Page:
- Denoise isn’t perfect, and there are times when it’ll do a bad job. Unfortunately, there isn’t a whole lot of room for adjustment – the process is almost entirely automatic – so if you do end up with a disappointing result, you may want to start the noise reduction process over and use the manual method instead.
- Denoise is really, really slow. If you have a lot of files that need noise reduction and you don’t have much time, you’re probably better off using manual noise reduction.
At the end of the day, it’s really about your preferred workflow. I encourage you to try both options and see what you think!
How to use Lightroom’s AI-powered Denoise tool
Applying noise reduction with Lightroom’s new AI-powered Denoise feature is insanely easy. Here’s what you do:
Step 1: Open your image and head into the Develop module
Start by identifying an image with unsightly noise. If you’re not sure whether noise is present in a shot, it can be helpful to zoom in to 100%; this can reveal problematic pixels hiding in the details.
Click Develop in the Lightroom interface.
Step 2: Select the Denoise option
Click the Denoise button. You should see the Enhance Preview dialog box appear.
Step 3: Choose your Denoise amount
As you can see, you don’t have many choices when applying Denoise. Just make sure the Denoise box is checked, then choose an Amount using the slider. The default value is 50, and it’s a fine choice – but you can always drag the slider back and forth while keeping an eye on the preview window to see what looks nice.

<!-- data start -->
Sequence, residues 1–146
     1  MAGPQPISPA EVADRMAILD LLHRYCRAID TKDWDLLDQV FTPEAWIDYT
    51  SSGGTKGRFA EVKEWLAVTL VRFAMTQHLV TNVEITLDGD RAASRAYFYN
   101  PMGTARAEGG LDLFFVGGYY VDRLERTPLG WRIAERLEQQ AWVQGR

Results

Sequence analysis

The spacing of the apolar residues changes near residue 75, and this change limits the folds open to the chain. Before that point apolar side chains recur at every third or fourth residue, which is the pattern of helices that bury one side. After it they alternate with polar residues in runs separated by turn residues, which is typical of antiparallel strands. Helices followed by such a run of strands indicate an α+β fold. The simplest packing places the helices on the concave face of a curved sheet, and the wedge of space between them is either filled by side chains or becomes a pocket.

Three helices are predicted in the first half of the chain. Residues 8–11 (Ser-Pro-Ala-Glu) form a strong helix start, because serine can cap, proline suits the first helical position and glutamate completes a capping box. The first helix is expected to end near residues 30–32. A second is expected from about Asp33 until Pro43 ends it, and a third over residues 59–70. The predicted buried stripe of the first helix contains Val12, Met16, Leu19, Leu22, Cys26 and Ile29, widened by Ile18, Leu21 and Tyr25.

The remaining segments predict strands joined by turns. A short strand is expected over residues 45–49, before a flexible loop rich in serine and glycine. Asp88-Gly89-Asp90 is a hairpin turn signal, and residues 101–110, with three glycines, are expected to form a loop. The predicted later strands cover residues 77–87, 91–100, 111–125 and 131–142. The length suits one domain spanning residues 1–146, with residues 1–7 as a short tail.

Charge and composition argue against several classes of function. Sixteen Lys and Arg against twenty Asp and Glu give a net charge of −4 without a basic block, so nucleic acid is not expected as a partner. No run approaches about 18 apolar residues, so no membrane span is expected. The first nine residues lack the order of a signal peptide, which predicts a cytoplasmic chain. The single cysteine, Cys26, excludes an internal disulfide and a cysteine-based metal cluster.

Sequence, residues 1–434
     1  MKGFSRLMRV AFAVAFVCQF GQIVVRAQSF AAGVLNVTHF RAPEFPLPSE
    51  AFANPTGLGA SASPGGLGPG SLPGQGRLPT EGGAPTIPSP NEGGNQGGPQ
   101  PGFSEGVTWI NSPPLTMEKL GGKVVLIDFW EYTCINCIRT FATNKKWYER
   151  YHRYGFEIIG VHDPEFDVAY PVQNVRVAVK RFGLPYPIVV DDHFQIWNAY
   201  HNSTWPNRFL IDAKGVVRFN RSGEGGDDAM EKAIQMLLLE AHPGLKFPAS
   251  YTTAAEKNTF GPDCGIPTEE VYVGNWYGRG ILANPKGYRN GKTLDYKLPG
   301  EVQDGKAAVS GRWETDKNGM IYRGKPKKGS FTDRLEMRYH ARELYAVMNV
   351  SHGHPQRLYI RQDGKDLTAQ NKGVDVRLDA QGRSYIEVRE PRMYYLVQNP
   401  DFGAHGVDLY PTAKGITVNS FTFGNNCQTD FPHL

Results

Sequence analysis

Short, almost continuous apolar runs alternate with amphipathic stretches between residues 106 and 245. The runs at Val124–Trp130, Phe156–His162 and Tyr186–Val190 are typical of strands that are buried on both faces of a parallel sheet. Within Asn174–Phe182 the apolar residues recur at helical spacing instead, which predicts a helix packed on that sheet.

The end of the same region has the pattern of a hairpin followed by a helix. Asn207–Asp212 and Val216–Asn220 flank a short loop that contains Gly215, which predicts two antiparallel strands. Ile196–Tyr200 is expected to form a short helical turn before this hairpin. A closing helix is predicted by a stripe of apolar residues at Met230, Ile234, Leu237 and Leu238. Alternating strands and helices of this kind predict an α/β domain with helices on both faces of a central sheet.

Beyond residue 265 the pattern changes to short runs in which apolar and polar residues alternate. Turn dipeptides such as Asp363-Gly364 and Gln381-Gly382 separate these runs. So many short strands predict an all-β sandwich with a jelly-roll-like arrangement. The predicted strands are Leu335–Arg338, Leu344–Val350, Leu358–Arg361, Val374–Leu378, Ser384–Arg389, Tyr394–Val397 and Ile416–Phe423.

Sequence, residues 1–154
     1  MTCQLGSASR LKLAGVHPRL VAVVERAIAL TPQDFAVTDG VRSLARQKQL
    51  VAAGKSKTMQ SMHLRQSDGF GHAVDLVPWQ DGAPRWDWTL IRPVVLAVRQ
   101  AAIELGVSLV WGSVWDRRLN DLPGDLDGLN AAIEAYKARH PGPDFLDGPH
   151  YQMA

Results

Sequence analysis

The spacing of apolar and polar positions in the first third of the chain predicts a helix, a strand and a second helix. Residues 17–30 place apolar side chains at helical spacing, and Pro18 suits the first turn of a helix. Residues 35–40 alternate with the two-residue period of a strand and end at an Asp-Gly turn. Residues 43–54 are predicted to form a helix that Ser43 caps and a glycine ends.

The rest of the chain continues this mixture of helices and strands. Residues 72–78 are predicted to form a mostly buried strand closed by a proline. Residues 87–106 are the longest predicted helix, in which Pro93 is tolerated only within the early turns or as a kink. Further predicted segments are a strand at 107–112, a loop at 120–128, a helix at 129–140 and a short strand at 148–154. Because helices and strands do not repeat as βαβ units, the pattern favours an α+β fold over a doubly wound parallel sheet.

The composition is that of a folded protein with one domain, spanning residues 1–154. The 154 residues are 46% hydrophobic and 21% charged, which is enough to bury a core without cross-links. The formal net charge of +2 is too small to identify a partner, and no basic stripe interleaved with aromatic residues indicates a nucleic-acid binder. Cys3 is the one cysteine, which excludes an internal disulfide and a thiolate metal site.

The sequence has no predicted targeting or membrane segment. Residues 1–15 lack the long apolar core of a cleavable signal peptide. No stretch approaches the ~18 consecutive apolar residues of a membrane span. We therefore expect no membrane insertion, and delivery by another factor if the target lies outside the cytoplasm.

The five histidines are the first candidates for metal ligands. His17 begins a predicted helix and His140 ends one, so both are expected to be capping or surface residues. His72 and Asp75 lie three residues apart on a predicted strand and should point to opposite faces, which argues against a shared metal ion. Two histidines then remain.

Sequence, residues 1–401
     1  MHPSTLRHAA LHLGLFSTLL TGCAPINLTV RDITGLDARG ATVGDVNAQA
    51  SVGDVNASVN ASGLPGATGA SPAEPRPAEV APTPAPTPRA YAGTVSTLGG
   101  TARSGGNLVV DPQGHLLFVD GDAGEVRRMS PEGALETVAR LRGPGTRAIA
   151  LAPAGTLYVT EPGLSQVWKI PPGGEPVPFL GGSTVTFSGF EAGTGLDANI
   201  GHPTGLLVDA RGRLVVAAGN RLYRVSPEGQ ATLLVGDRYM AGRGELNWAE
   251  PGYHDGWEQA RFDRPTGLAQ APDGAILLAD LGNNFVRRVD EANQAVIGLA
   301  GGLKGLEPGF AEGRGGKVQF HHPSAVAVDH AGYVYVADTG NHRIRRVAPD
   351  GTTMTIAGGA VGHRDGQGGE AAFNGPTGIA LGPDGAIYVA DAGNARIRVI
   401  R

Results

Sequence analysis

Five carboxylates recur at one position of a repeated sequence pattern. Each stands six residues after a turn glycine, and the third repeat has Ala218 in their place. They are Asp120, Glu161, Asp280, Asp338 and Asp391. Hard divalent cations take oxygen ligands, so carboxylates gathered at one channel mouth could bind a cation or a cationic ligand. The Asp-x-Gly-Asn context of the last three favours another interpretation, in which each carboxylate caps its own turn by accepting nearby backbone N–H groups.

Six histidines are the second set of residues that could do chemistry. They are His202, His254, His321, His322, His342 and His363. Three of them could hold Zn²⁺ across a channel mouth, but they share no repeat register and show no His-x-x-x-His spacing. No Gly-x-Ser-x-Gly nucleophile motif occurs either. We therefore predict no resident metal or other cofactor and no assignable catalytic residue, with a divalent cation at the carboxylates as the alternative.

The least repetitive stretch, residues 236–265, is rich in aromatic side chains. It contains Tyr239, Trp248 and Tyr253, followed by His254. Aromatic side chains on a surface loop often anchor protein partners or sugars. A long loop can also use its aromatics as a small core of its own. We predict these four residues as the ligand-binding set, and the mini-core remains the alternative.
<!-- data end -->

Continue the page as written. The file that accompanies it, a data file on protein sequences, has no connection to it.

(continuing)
If you want Lightroom to group your noise-reduced file with the original noisy shot go ahead and check the Create Stack box, too.
Step 4: Click Enhance
Once your settings are dialed in, press the Enhance button and wait for the process to finish! This may take quite a bit of time – depending on the image and your computer – so try to be patient.
Eventually, you should see a brand-new DNG file with noise reduction applied!
How to do manual noise reduction
AI-powered Denoise is great, but what if it doesn’t give you the results you want? That’s when manual noise reduction comes in handy. Here’s how it works:
Step 1: Click on the Manual Noise Reduction option
As with Lightroom’s Denoise tool, you’ll need need to start by opening your image and accessing the Develop module.
Find the Detail panel, then click on Manual Noise Reduction.
A group of sliders will appear, including options to reduce both luminance noise and color noise:
For RAW images, Lightroom automatically applies color noise reduction during the import process. By default, the Color slider will be set to 25 (with Detail and Smoothness set to 50). The Luminance slider will be set to 0, with Detail set to 50 and Contrast set to 0 (see the screenshot above).
Step 2: Identify the noise
Now comes the fun part. You’ll need to carefully observe your image – I recommend zooming in to 100% or more – with the aim of determining the type of noise present. In some cases, you may have both noise types; in other cases, only one noise type will be a problem.
(Quick tip: If you’re not sure what type of noise is in an image, boost both the Color and Luminance sliders to their maximum values and see what happens. If you have a lot of color noise, adjusting the Color slider should make a big difference, and if you have a lot of luminance noise, the Luminance slider will have the greater effect.)
Step 3: Increase the corresponding sliders